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Urgent climate action: How engineers are heeding IPCC’s call


The summer sun rises on North Campus of the University of Michigan just weeks before fall classes begin. Photo: Levi Hutmacher/Michigan Engineering, Communications & Marketing

Michigan Engineering – A new report from the U.N. Intergovernmental Panel on Climate Change says that to avoid the most serious consequences of climate change, nations must take unprecedented actions to cut carbon emissions over the next decade. Avoiding the worst damage will require transforming the world economy at a speed and scale that has “no documented historic precedent.”

Michigan Engineering researchers are working on technological solutions to stabilize the climate and adapt to a warmer world. And beyond engineering, U-M President Mark Schlissel announced earlier this month that he will form a special commission to develop a plan for U-M to work toward carbon neutrality.

“The latest report from the IPCC makes it clear, with high scientific confidence, that we need to speed up the transformation to a low-carbon, more sustainable world if we want to avoid the increasingly serious costs of climate change,” said Jonathan Overpeck, dean of the School for Environment and Sustainability and a professor of climate and space sciences and engineering.

Michigan Engineering’s Global CO2 Initiative

By removing carbon from the air and turning it into useful products, Michigan Engineering’s Global CO2 Initiative aims to reduce the equivalent of 10 percent of current atmospheric carbon dioxide emissions annually by 2030.

“Captured and utilized carbon presents tremendous market opportunity by creating high-volume materials, such as concrete, aggregates, fuels and carbon fibers. This is important, because it means world leaders, businesses and consumers will have both an economic and environmental incentive to use CCU technologies,” said Volker Sick, professor of mechanical engineering and director of the initiative.

“We must deploy and scale innovative technologies that remove and reverse the impacts of climate change, and carbon dioxide capture, conversion and utilization technologies must be part of this approach.”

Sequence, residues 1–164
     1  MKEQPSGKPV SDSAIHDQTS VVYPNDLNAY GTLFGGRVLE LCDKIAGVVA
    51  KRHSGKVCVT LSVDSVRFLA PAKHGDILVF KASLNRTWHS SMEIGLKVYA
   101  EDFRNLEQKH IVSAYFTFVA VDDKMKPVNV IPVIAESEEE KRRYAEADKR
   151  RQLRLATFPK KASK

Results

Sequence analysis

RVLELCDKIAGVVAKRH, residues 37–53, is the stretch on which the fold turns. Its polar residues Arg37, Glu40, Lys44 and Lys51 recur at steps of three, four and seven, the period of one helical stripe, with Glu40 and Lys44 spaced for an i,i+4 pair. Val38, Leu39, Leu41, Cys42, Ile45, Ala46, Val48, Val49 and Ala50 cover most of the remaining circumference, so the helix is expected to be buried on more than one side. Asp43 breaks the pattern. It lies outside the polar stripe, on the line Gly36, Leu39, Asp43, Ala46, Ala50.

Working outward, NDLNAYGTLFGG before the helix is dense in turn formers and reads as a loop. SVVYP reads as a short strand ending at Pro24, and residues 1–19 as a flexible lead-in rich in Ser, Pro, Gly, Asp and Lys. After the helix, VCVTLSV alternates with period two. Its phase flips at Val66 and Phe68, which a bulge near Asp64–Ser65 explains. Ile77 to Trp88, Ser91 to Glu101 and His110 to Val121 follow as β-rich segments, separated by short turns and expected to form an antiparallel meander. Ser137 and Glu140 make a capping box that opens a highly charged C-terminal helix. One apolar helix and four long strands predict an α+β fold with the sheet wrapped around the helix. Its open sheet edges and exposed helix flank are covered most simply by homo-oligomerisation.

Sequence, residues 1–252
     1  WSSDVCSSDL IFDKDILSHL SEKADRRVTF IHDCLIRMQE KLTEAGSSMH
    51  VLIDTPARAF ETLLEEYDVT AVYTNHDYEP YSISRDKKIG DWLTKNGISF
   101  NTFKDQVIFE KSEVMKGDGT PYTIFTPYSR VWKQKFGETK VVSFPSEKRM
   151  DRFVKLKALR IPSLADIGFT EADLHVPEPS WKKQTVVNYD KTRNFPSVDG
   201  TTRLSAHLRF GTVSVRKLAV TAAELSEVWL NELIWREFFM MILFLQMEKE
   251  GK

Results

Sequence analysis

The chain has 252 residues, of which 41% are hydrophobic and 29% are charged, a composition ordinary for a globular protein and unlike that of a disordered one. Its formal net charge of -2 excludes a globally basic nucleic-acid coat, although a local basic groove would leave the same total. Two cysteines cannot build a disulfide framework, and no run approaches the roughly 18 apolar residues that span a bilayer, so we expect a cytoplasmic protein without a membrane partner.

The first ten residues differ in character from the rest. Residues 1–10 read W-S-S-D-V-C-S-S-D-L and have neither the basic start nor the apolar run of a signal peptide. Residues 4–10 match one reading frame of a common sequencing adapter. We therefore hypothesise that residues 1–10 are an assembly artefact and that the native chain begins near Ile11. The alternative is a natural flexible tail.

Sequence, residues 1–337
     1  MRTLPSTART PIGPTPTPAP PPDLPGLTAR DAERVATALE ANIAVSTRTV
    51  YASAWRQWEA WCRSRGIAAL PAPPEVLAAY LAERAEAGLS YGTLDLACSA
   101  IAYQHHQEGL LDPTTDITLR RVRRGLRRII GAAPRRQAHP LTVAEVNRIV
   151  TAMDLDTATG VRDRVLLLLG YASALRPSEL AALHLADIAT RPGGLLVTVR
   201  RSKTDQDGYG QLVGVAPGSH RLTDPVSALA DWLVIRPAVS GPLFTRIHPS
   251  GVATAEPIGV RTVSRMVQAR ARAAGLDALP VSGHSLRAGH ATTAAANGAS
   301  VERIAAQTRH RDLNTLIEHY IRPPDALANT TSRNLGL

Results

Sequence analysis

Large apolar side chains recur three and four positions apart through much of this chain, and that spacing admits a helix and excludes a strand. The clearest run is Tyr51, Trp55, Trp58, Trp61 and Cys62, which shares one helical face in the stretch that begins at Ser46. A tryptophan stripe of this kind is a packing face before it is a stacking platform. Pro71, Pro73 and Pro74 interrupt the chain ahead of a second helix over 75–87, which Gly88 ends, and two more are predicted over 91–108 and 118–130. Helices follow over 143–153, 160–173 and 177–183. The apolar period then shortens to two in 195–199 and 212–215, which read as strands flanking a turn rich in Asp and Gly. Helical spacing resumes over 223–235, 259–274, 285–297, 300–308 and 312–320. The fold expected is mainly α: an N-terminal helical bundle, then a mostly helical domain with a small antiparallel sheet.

Efforts in the energy and transportation sectors

At U-M’s Energy Institute, more than 130 faculty members from across the university—including many in engineering—are working to develop and integrate science, technology and policy solutions to pressing energy challenges.

Anna Stefanopoulou is director of the U-M Energy Institute and a professor of mechanical engineering. She emphasized the importance of reducing transportation emissions.

“The IPCC report raises the urgency of widely implementing cost-effective fuel-efficient technologies in the transportation sector,” Stefanopoulou said. “Every effort matters in mitigating global warming and we need to accelerate our efforts, otherwise our students and our children will ask us why we didn’t do more to avert disaster.”

Climate change adaptation, and hope

Society has already committed to an increasingly warming climate, says Richard Rood, professor of climate and space sciences and engineering and blogger at Weather Underground.

“The heat accumulated in the Earth has already opened up a metaphorical floodgate of, likely, 10 meters of sea-level rise,” Rood said. “How fast it will occur is not certain, but planning on a meter over the human lifespan is justified. This will be true for coming generations as well.

As a result, he urges cities, states and nations to make plans to adapt while they also work fast to stabilize the climate.

The IPCC says society has 12 years to act in order to limit warming to 1.5 degrees Celsius. Hitting 2 degrees could spell severe climate change impacts.

“The difference between a goal of 1.5 degrees C and 2.0 degrees C doesn’t sound like much,” Overpeck said, “but it might be the difference between a few flooded major U.S. coastal cities and many flooded cities. It might be the difference between a manageable aridification of the U.S. Southwest and much drier conditions. It might make it much harder to feed the 11 billion people we think the planet is going to have at mid-century.

“Conversely, acting faster on climate change might mean many additional benefits to human health and sustainable development. Importantly, the new IPCC report concludes that the task is doable.”

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